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Damson Jam

When we moved into our house we gained a mature Damson tree. Apparently the Romans introduced the humble Damson to the UK, using the dye from the skins for cloth. Us Brits use them for wine, jam and pudding. Who needs purple dye when you can have alcohol and dessert. I have never imagined myself as the kind of person that made jam. For me jam making conjures up images of old ladies storing jam jars in dusty boxes and making odd taste combinations, or middle aged women with big bums, short hair and hippy jewellery.  

The Damson tree taunted me for weeks from the bottom of the garden. Over the summer branches became laden down with fruit, first green, then an increasingly beautiful deep purple. The rapidly approaching extra work picking all those Damsons or picking them up rotten off the lawn was anticipated with a distinct feeling of dread.  Last year I was too pregnant to face the issue so popped a note on freecyle – ‘Free Damsons please come and pick’. Four sets of people turned up with ladders and the problem went away.  This year I felt that it was time to act like a grown up and face the fruit tree.

Several rather boring hours of picking and over 40 pounds of fruit later it was done. I gave most of the fruit away, keeping a little.  I made fresh Damson cake, using the recipe here, swapping the plums for Damsons. It was well received when we visited friends, that recipe is turning out to be a real gem.

So to the Jam making. The recipe looked simple – Damsons, water, sugar.  No peeling, chopping or stoning required. My kind of cooking. All was going well. Until the stones were supposed to rise gently to the surface to be skimmed off. I waited, a few popped up. Waited some more, nothing. So there I am with a tea strainer and a small spoon dredging the stones out of a huge pan. That got dull quickly. I tried the sieve which just clogged up. By now, me, most of the kitchen and a surprising amount of cutlery were covered in stickiness – purple stickiness. The fact that in between I was painting the hallway (not purple) probably didn’t help. Definitely guilty of a lack of focus. By this point I’m smeared with both paint and half made jam.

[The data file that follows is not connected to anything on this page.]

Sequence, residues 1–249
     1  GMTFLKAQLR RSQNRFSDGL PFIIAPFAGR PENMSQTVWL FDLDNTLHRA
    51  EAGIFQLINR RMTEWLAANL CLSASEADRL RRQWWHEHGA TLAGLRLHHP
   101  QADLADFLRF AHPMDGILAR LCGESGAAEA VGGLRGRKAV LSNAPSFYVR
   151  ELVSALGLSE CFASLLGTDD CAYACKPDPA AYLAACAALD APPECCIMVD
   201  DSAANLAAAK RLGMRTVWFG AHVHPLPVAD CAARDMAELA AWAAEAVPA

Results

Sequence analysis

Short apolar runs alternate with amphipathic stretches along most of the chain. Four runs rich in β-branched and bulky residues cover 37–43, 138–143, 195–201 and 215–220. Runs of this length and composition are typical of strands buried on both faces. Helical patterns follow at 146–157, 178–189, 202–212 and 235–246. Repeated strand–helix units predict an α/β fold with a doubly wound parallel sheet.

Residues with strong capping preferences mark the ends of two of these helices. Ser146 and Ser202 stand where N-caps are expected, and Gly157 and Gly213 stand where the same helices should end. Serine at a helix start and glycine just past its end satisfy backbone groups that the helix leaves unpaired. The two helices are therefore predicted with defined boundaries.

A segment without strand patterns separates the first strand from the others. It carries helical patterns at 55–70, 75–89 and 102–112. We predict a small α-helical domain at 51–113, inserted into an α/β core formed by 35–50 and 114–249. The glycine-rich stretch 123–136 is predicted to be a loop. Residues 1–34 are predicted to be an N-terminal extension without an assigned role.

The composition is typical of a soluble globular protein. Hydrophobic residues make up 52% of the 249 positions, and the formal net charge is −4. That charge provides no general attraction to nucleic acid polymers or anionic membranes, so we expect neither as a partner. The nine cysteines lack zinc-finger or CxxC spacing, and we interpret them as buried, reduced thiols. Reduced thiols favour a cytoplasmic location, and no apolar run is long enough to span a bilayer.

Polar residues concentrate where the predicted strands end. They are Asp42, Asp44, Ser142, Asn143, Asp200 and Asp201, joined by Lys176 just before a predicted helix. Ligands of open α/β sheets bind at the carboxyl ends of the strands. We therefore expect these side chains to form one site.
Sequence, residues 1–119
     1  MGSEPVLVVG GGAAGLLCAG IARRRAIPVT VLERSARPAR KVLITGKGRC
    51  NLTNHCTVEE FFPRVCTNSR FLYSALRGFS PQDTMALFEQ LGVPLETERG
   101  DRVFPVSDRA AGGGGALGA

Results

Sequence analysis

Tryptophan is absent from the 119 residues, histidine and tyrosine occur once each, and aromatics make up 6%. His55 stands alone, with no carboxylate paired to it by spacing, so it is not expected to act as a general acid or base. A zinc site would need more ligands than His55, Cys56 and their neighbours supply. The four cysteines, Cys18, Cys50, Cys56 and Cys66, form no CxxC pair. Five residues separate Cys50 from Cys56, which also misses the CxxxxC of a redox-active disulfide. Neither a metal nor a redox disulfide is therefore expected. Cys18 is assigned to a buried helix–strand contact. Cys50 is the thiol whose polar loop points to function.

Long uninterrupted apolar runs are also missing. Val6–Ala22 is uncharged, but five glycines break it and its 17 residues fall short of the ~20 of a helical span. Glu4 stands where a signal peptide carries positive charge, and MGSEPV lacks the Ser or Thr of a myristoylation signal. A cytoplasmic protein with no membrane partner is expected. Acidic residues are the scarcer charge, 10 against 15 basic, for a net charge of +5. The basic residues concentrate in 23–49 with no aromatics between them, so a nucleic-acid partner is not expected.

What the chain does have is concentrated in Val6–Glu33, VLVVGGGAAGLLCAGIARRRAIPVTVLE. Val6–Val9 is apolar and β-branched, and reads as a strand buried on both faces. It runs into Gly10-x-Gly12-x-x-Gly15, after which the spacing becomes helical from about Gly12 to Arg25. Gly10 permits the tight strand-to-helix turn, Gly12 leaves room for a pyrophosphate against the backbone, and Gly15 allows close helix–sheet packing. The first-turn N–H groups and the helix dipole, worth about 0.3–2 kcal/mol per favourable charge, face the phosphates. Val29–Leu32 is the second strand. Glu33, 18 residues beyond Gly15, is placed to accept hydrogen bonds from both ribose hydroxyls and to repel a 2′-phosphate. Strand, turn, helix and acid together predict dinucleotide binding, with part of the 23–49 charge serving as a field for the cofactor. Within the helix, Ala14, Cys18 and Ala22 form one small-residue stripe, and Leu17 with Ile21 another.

As a last resort out came the large colander. I went through the ‘pulp’ of the fruit and pulled the stones out and then tipped the juice and remaining pulp back together. Mixed it up and got on with the recipe and cleaning up.

The second batch of Jam was achieved a couple of days later with more focus and far less mess. The Jam its self is delicious. 

Do I truly feel that jam making will turn me into an old lady overnight, will I be wearing purple (not counting stray jam), or developing a big bum and an odd taste in accessories? Strong emphasis on the no there. However, I can’t help but feel jam making is a very ‘housewifey’ thing to do and somehow I don’t feel quite comfortable adverting my new skills.  I wonder what that says about me. 

Makes: 7 x 225 ml jars 
1.25 kg damsons 500 ml water 1.5 kg sugar
Remove the stalks, wash the damsons and put into a large pan or preserving pan with the water. Cook slowly for about 30 minutes until the damsons have broken down. Add the sugar and stir over a low heat until dissolved. Increase the heat and boil for about 10 minutes before testing for a set. Remove the stones as they rise to the surface, letting any liquid drip back into the pan. Test your jam for a set — setting point is 105C (220F). If necessary, boil for a further minute then test again. Continue testing at one-minute intervals, as necessary, until the jelly has reached setting point. Remove the pan from the heat, skim off any scum and allow to cool briefly. Carefully pour into hot, sterilised jars. Seal the jars and allow the jelly to cool completely before labelling and storing.

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